Monday, April 14, 2008

Famous 'Tree' poem originates at U.

Famous 'Tree' poem originates at U.

It is not every day a University tree is the inspiration to a famous literary work. However, this is the case in Joyce Kilmer's famous poem, "Trees."

His poem begins with its two most famous lines: "I think that I shall never see / A poem lovely as a tree." An old, 70-foot-high white oak tree that used to be located at the Rutgers Agricultural School, later the location of the Labor Education Center on Cook campus, was Kilmer's inspiration to this world-renowned poem.

Since then, this famous 300-year-old tree had to be cut down in 1963 because it was dying. Although it was hewed four decades ago, its remnants still exist today, and most of the pieces of the tree are still owned by Cook College.

This past June, Highland Park planted another tree in front of Highland Park High School to mark the 100th anniversary of the day Kilmer saw the white oak at the University.

This tree is considered the grandchild of Kilmer's inspirational tree, because it is genetically and biologically the same as the tree Kilmer saw 100 years ago.

Kilmer was a student at Rutgers College from 1904-06. He was also a reporter and associate editor of The Daily Targum before he transferred to Columbia University where he graduated in 1908.

Harvey J. Brudner, president of the Joyce Kilmer Centennial Commission, said a student had to pass the entire year of courses during the time that Kilmer went to school in order to progress to the next year. Unfortunately, Kilmer was not the best math student and was told he had to repeat his sophomore year. Instead of repeating every course, he and his parents decided it was best for him to change schools. He then became a student at Columbia in New York City.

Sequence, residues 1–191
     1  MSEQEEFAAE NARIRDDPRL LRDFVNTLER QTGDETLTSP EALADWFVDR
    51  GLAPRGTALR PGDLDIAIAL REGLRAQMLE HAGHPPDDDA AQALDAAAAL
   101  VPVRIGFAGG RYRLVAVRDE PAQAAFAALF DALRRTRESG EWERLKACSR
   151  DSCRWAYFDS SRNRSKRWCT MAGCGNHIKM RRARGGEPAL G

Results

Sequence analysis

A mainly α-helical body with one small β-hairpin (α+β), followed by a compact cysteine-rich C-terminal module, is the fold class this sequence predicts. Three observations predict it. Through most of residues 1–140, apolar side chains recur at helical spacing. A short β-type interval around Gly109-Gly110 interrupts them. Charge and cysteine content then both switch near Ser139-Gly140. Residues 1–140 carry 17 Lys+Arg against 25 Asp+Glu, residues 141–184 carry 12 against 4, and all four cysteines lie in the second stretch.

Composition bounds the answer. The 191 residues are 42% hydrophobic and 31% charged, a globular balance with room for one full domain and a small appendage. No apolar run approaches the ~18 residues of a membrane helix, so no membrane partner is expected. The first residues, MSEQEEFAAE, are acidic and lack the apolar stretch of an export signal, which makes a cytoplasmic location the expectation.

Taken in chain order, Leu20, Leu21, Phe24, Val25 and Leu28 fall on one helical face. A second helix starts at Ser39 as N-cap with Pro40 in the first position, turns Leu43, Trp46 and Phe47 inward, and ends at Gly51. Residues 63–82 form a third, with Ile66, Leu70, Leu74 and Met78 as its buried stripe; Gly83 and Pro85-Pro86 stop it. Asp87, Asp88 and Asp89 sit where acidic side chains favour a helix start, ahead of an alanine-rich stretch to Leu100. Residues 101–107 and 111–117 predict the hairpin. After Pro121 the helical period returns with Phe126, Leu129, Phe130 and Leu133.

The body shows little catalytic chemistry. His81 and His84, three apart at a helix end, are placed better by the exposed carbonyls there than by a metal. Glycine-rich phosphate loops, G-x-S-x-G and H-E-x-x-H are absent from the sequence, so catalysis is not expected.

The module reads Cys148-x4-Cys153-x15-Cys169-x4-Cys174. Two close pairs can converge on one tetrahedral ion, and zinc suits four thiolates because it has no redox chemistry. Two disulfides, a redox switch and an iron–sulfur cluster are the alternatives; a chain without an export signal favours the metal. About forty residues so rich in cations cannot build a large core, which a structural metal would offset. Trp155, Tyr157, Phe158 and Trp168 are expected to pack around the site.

However, Kilmer found a way to always remember his time at the University.

As a student, he discovered a tall white oak and later wrote "Trees," which has been translated into many different languages and has been the foundation of many young students' lessons of memorization in the younger grades.

After graduating from Columbia, he became a teacher. He continued his writing with various poems, essays and even a play. He also worked for The New York Times. However, his various works never received much recognition. In a 2001 Star-Ledger article, staff-writer Alexander Lane regarded Kilmer as a "one-hit wonder of a poet."

Kilmer was a resident of New Brunswick for 20 of his 31 years of life. He was killed during World War I in 1918 when he was fighting in France.

Kilmer also has many notable family ties. His father was Fred Kilmer, director of scientific affairs at Johnson & Johnson - which opened in New Brunswick in 1886 - and developer of baby powder. An ancestor of his was traced down to one of the signers of the Magna Carta as well.

Brudner worked with Kenton Kilmer, Joyce Kilmer's son, in 1986 to establish the Joyce Kilmer Centennial Commission. Brudner said of Kenton Kilmer, "The more I studied with him about the background of his father, I realized the more important the life of Joyce Kilmer will be when understood."

The main objective of the commission is to help Kilmer acquire more recognition for his works by selling books about him and explaining his different works. Members try to stress the importance of his works and help others understand their meanings. They have even attempted to have stamps made in Kilmer's recognition.

Source: Annie Reuter; Daily Targum; October 12, 2004

No comments: